Blog

By Jennifer Gioia, Communications Manager at Child Care Services Association

April 1, 2020, is Census Day

The Census is your chance to make sure your community counts. Participating in the Census will help make sure your community over the next 10 years receives:

  • Fair representation in Congress;
  • Financial resources for health, schools, transportation and more; and
  • Help for information leaders to plan your community’s future. [1]
Source: NC Child

More than $5 billion of North Carolina’s federal funding for children’s services is at stake in the census, so it’s critical to get the count right. That’s about $1,600 for each person in federal funding for the state. [2]

However, in the 2010 Census, nearly 1 million children (4.6% of children under the age of 5) were not counted, according to the U.S. Census Bureau. In fact, children under age 5 are one of the largest groups of undercounted people in the United States. [3] If missed in the Census, young children in hard to count communities also stand to suffer the most from reductions in funding to vital programs. [4]

Who is Hard-to-Count?

  • Low-income households
  • People of color
  • Non-native English speakers
  • “Complex” families [4] (for example, those with multiple generations of a family, unrelated families living together and blended or foster families.) [3]
  • Immigrants
  • Children <6
  • Renters [2]
Source: N.C. Counts Coalition

In North Carolina, 950,000 residents live in a hard-to-count community, [2] leaving 73,000 young children at risk of being missed in the 2020 Census. [4]

Nearly 1 in 5 of America’s infants are growing up in poverty, putting them at a greater risk to fall behind their peers in language development, reading proficiency, and experience learning disabilities and developmental delays. It is critical to invest in programs such as Early Head Start and the Child Care and Development Block Grant that ensure all children have the opportunity to thrive. [5]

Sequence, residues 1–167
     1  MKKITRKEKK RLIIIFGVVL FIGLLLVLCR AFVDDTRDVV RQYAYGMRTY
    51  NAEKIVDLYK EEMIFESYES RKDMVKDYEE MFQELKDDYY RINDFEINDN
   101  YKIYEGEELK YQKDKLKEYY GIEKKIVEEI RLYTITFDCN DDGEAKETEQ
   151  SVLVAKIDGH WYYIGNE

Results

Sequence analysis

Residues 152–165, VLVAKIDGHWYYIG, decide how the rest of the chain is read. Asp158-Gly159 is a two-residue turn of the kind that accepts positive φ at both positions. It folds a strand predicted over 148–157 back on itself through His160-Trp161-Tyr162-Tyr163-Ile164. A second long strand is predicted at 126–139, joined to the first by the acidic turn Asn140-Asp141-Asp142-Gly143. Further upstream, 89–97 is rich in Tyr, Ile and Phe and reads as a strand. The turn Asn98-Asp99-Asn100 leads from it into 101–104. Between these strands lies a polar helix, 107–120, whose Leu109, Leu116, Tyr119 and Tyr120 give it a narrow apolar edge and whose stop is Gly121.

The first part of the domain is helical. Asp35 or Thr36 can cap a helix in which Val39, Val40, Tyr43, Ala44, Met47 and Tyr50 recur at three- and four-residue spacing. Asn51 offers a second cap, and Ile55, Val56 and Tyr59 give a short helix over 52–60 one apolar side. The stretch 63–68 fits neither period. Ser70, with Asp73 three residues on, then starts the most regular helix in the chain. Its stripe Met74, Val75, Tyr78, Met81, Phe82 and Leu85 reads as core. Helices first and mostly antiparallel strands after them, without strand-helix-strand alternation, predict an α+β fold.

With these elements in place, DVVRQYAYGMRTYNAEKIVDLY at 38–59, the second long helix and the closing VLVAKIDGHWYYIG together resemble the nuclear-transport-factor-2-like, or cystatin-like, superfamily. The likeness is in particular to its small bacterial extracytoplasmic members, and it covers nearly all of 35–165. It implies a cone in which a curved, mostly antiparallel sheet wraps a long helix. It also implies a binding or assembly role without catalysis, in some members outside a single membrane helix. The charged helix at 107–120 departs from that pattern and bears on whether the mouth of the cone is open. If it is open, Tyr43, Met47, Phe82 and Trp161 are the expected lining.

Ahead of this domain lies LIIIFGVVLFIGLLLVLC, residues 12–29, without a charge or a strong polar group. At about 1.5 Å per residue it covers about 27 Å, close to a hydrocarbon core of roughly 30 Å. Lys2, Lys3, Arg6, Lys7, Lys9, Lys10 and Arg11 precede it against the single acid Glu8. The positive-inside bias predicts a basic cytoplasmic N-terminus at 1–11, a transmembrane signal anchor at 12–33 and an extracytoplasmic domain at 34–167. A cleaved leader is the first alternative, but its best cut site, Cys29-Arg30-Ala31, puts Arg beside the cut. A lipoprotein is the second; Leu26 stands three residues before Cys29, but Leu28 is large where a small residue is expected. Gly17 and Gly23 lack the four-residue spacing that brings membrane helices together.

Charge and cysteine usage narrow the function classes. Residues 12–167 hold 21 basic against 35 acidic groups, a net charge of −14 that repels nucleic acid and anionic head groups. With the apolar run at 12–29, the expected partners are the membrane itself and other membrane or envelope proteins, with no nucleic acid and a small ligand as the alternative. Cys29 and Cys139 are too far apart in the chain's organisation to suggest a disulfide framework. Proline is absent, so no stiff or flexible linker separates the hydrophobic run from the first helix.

What Can You Do?

  • Help spread the word! Share this article by clicking on the social media icons below.
  • Learn more about the 2020 Census and find more resources and shareable materials here.
  • Tell the people in your life who care for children 5 and under to count every child in the 2020 Census on April 1.

Because census results help determine where federal funds are distributed for programs that are important for children, an accurate count can shape a child’s future for the next decade and beyond. It’s important to count young children now so they have the resources they need as they grow up. It all begins with responding to the 2020 Census. [3]


[1] North Carolina Census. Retrieved November 21, 2019.

[2] NC Counts Coalition. 2020 Census. PowerPoint. 2019.

[3] United States Census Bureau. Children Under 5 Among Most Undercounted in Last Census. Retrieved November 21, 2019.